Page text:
Adhering to tried-and-true music principles, Kaleidoscope Dream manages to harken back to the sounds of R&B yesteryear and still sound it couldn't have been released in any year other than 2012.
Usually, the record label is one of the least interesting nuggets of information on the back of an album. But in the case of Miguel's Kaleidoscope Dream, the ancient stamp of RCA Records is indicative of the 43 minutes awaiting a listener. Miguel's raspy R&B croon, his homages to past music greats, and a strong adherence to the "four minutes or less rule" for pop music would make Kaleidoscope Dream feel at home in any decade since the '60s. But there are just enough moments in Kaleidoscope Dream that put it safely in the here and now.
Just as the RCA label seems like a throwback, Miguel's toils in the music reflect a more traditional trajectory of music success. Instead of gaining fame via YouTube or via a high-profile cameo on a track, Miguel paid his dues as an unsigned act before signing onto Jive Records – only to have his debut album languish for promotional support while that label disintegrated. Still, even with a lack of proper ad resources, All I Want Is You found an audience and it gave him the artistic and commercial capital to make an immensely rewarding follow-up.
The opening track "Adorn" casts an unmistakeable nod to Marvin Gaye's "Sexual Healing", complete with a minimal keyboard arrangement and a heartfelt plea to "let my love adorn you." And like a great leadoff track for an album, it seamlessly leads itself into the more futuristic "Don't Look Back". Accompanied by a slithering snare and subwoofer-testing bass, the track shifts from traditional R&B to sci-fi nodding hip-hop in such a fluid style that the change is barely noticeable. The major curveball Miguel throws happens toward the end of the track when the Zombies "Time of the Season" gets a 21st century reworking.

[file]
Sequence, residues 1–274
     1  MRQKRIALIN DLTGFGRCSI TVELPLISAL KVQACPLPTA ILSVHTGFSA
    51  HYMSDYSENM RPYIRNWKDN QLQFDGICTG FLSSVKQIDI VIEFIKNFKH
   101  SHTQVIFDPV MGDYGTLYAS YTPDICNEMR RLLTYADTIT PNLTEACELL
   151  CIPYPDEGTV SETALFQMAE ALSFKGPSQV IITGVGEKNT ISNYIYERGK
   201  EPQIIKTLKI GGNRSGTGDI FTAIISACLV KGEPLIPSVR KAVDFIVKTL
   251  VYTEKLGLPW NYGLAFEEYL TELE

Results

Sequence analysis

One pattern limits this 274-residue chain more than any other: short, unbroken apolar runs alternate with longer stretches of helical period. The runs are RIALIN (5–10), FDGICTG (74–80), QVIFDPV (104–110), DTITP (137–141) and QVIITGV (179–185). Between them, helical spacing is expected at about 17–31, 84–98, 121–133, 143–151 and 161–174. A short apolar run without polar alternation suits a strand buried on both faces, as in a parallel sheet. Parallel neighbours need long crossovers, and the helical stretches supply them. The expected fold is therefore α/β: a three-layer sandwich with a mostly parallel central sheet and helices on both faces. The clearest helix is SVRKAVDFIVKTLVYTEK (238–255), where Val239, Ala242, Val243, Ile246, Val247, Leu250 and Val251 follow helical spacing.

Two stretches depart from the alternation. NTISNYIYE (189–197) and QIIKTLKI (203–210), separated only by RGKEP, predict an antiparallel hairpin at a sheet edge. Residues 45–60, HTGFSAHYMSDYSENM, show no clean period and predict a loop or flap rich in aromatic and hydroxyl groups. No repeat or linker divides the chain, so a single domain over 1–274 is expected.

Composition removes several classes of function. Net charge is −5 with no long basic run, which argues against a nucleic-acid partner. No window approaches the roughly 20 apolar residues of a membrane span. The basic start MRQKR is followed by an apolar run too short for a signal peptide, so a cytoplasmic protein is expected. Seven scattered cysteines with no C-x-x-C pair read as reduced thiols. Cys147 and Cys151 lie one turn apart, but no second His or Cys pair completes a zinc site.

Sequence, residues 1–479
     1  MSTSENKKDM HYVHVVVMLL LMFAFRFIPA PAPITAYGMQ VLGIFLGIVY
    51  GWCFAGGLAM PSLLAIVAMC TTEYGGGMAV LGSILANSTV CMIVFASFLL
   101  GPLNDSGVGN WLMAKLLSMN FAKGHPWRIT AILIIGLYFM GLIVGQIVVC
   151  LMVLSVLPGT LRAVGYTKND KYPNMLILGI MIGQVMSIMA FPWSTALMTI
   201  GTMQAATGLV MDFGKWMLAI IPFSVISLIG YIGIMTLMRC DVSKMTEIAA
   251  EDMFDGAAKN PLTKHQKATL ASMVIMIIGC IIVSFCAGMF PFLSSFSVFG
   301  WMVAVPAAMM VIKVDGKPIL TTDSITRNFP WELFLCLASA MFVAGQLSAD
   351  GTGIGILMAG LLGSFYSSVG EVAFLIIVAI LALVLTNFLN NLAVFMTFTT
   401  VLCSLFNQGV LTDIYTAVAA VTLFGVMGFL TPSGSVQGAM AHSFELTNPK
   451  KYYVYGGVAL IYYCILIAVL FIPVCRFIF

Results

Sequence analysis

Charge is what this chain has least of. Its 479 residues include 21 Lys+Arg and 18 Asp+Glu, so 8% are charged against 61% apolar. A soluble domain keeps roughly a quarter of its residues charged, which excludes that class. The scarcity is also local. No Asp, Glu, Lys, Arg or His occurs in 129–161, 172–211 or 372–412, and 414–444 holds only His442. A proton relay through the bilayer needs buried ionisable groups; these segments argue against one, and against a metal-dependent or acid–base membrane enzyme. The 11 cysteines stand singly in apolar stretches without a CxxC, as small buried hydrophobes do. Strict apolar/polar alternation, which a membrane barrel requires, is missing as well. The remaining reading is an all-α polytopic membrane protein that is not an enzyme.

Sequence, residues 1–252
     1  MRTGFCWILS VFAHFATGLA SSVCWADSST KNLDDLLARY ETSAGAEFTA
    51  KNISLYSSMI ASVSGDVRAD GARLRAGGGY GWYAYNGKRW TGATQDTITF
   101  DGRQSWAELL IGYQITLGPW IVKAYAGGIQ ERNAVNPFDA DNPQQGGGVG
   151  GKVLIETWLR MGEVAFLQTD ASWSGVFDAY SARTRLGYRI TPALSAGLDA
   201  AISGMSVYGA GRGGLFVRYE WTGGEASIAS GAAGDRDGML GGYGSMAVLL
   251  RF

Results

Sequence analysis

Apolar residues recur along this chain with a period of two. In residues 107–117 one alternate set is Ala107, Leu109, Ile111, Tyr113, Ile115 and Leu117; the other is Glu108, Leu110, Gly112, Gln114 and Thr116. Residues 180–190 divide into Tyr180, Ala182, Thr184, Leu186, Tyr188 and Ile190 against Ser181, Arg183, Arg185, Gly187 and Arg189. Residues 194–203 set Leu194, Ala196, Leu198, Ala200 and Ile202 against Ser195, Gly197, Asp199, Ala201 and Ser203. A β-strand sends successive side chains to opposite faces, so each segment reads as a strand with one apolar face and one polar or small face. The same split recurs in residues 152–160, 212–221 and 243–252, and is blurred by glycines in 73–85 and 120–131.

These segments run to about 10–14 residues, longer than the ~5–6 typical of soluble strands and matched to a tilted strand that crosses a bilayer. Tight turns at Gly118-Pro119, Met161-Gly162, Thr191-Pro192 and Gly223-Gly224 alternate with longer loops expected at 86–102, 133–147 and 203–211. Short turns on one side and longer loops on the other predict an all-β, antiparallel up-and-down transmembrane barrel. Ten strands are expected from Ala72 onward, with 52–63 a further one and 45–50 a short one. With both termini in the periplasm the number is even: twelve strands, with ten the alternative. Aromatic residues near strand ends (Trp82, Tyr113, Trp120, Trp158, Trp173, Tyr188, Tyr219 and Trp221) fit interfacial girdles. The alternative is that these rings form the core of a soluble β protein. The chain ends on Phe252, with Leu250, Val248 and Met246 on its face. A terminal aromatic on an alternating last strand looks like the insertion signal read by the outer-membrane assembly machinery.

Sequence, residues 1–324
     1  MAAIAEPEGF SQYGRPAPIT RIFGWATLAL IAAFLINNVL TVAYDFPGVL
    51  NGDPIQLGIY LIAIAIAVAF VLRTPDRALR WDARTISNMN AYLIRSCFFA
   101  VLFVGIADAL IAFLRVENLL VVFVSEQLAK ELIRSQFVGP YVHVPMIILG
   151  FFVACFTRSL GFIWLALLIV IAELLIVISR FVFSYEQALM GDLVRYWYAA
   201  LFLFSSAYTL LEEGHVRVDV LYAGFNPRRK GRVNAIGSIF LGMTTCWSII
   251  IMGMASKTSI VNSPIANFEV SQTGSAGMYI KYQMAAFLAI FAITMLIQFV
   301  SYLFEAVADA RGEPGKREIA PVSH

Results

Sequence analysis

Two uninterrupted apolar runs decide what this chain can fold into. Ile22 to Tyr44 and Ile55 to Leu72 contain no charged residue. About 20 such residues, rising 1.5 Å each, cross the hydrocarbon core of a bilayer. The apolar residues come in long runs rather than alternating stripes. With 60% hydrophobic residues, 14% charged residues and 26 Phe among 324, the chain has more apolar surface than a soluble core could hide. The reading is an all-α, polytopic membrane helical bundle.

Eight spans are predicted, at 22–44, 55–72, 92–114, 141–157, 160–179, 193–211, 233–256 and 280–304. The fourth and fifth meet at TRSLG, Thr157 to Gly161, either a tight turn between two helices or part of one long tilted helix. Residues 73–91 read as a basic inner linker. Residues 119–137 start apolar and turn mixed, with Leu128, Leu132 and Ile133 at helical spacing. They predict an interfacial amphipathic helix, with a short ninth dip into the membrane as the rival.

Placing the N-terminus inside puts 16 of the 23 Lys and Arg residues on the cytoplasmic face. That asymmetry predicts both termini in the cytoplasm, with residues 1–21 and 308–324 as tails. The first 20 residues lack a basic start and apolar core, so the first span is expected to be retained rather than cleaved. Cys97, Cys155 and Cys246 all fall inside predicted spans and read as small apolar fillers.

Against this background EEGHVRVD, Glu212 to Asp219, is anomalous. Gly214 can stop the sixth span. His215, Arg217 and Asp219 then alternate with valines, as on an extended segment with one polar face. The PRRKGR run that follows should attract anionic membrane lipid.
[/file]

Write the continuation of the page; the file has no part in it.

Amazingly, all of this happens within the first 10 minutes of Kaleidoscope Dream. The third track finds Miguel trying to stretch R&B's boundaries by using an almost industrial sounding mix of guitar and percussion. If the opening track drew comparisons to Marvin Gaye, "Use Me's" closest comparison would be Björk's "Army of Me" And like Björk, Miguel vocals and lyrics are able to convey a warm humaneness while being surrounded by musical gadgetry.
The lyrical content of Kaleidoscope Dream could be described as confessional, but most of the tracks seem to fall under the "frankly honest" as opposed to "starkly confessional" school of writing. In the wonderfully hazy "Do You ...", Miguel promises "I'm gonna do you like drugs tonight." The intention behind "How Many Drinks?" is pretty much summed up in its title -- "How many drinks will it take you to leave with me?" It’s in these tracks that comparisons to Frank Ocean's Channel Orange (another genre-bending classic in the making) will no doubt be raised. In Miguel's case, he plays his emotional cards closer to the chest, but in tracks like "How Many Drinks?" and "Pussy Is Mine", he isn't afraid to bear his insecurities.
If there's a flaw in Kaleidoscope Dream, it's that it resembles the typical album format to a fault. The side one tracks on Kaleidoscope Dream contains some of the best songs you'll hear anywhere in 2012. Unfortunately, with that type of artistic bar set, the second half of Kaleidoscope Dream suffers slightly from having tracks that while still solid, don't quite reach the heights of the album's Side A.
But even with a weaker Side B collection of songs, Kaleidoscope Dream is a thrilling listen that draws comparisons to D'Angelo's Voodoo or Erykah Badu's New Amerykah Part One on first listen. It may not blindly take the artistic risks of Channel Orange, but it's a more consistently enjoyable album than Frank Ocean's magnum opus. Arguments of excellence aside, each album shows that in terms of mainstream music, the trailblazers of 2012 are firmly entrenched in the R&B community.